Thoughts

Overall, the blog post card was fun to build. The line clamping was a little annoying, so I might spend some more time in the future looking into other ways to do that. The container trick seemed to work ok for line clamping but it still feels a little brittle for some reason. Also, -webkit-line-clamp has zero support in IE (if you care about that). The blog post cards looks really nice in a grid, so I highly recommend implementing them that way (demo incoming).

Final Code

Remember to use some version of a css reset with this demo.

.Card {
  --card-max-width: 400px;
  --shared-opactiy: 0.7;
  background-color: white;
  border-radius: 0.5rem;
  box-shadow: 0 0.5rem 1rem rgba(0, 0, 0, 0.15);
  max-width: var(--card-max-width);
}

.Card__Image {
  width: var(--card-max-width);
  height: 200px;
  border-top-right-radius: 0.5rem;
  border-top-left-radius: 0.5rem;
}
.Card__Image:hover {
  opacity: var(--shared-opactiy);
}

.Card__Content {
  display: flex;
  flex-direction: column;
  padding: 1rem;
  height: 270px;
  max-height: 275px;
}

.Content__Title {
  color: black;
  text-decoration: none;
  font-size: 20px;
  font-weight: 700;
  padding-bottom: 0.75rem;
}
.Content__Title:hover {
  opacity: var(--shared-opactiy);
}

.Title__Text {
  display: -webkit-box;
  -webkit-line-clamp: 2;
  -webkit-box-orient: vertical;
  overflow: hidden;
}

.Content__Description {
  padding-bottom: 1rem;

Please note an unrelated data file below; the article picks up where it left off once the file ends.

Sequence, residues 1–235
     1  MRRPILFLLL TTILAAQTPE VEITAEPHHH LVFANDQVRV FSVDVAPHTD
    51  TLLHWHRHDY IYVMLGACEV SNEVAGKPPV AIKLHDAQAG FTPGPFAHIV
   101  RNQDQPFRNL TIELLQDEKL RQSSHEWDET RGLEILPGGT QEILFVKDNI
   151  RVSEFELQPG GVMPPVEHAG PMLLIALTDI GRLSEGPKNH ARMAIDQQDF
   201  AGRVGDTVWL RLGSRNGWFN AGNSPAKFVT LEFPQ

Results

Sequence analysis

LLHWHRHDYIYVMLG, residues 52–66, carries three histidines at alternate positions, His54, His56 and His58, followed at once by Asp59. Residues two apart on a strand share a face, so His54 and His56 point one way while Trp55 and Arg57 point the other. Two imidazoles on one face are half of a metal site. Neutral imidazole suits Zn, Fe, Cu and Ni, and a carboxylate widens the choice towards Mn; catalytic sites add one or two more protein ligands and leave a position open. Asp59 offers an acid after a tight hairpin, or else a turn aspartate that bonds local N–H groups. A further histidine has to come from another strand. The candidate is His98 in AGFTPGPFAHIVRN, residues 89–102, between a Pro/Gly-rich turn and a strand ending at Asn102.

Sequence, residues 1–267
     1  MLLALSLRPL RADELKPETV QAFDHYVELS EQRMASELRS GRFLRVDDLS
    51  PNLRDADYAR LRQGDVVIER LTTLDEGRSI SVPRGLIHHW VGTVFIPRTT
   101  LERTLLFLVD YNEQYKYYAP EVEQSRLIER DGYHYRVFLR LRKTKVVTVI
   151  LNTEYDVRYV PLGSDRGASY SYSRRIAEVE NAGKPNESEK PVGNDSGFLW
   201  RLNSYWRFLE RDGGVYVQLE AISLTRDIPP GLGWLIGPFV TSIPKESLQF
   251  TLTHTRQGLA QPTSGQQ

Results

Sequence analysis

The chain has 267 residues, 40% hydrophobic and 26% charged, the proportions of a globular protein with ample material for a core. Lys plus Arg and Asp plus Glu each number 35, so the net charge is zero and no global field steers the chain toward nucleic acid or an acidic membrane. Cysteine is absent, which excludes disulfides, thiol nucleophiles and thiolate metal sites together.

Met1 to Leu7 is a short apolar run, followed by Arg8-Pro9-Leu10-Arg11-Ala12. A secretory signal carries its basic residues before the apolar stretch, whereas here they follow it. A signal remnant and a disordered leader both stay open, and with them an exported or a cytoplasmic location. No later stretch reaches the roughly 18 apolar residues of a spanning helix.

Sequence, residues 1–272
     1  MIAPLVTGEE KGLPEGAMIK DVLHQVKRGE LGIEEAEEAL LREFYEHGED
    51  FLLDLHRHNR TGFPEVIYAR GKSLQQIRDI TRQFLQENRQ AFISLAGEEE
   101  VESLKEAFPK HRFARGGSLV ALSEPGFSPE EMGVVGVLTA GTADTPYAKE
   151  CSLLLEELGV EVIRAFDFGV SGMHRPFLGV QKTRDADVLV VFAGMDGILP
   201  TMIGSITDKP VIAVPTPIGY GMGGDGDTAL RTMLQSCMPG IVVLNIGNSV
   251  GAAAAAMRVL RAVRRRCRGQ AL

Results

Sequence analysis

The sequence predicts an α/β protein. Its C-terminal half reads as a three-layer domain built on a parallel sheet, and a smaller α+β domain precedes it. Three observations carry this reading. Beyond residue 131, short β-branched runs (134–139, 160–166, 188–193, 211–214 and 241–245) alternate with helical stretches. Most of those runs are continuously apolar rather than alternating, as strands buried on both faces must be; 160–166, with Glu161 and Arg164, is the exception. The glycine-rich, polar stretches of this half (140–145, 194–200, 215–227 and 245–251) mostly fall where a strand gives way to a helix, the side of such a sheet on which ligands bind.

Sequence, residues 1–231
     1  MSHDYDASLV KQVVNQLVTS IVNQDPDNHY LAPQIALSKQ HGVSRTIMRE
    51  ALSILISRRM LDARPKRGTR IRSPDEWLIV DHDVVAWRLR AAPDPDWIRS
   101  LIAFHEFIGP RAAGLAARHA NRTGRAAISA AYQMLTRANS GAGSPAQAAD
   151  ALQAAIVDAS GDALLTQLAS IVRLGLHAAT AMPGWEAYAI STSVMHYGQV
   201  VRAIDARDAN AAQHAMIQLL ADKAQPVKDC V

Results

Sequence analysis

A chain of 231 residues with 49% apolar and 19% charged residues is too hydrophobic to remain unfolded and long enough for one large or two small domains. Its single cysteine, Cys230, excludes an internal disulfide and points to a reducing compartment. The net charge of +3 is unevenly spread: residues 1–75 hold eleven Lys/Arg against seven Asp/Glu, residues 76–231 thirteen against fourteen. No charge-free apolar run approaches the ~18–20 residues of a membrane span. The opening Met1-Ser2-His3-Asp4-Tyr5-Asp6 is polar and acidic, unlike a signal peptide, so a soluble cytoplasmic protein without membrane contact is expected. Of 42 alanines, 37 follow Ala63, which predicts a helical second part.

}

.Description__Text {
  display: -webkit-box;
  -webkit-line-clamp: 4;
  -webkit-box-orient: vertical;
  overflow: hidden;
}

.Content__Footer {
  margin-top: auto;
  display: flex;
  align-items: center;
}

.Footer__Image {
  display: none;
}

.Footer__Meta {
  display: flex;
  flex-direction: column;
  justify-content: center;
}

.Meta__Author {
  text-decoration: none;
  color: black;
  font-weight: 600;
}
.Meta__Author:hover {
  opacity: var(--shared-opactiy);
}

.Meta__Date {
  opacity: var(--shared-opactiy);
  font-size: 14px;
}

@media (min-width: 375px) {
  .Footer__Image {
    display: block;
    background-color: lightgrey;
    border-radius: 100%;
    padding: 1.5rem;
  }
  .Footer__Image:hover {
    opacity: var(--shared-opactiy);
  }
  .Footer__Meta {
    padding-left: 0.5rem;
  }
}
<div class="Card">
  <a href="#blog-post">
    <img src="computer.jpg" alt="Computer" class="Card__Image" />
  </a>
  <div class="Card__Content">
    <a href="#blog-post" class="Content__Title">
      <div class="Title__Text">
        Super long blog post title that will almost certainly span way more than
        two lines and will need to be cut off.
      </div>
    </a>
    <div class="Content__Description">
      <div class="Description__Text">
        Lorem ipsum dolor sit amet, consectetur adipiscing elit, sed do eiusmod
        tempor incididunt ut labore et dolore magna aliqua. Leo a diam
        sollicitudin tempor id. Id neque aliquam vestibulum morbi blandit cursus
        risus at ultrices. Suspendisse faucibus interdum posuere lorem ipsum
        dolor sit. Maecenas pharetra convallis posuere morbi leo.
      </div>
    </div>
    <div class="Content__Footer">
      <a href="#author" class="Footer__Image"></a>
      <div class="Footer__Meta">
        <a href="#author" class="Meta__Author">Tom Smith</a>
        <div class="Meta__Date">Apr 04, 2021</div>
      </div>
    </div>
  </div>
</div>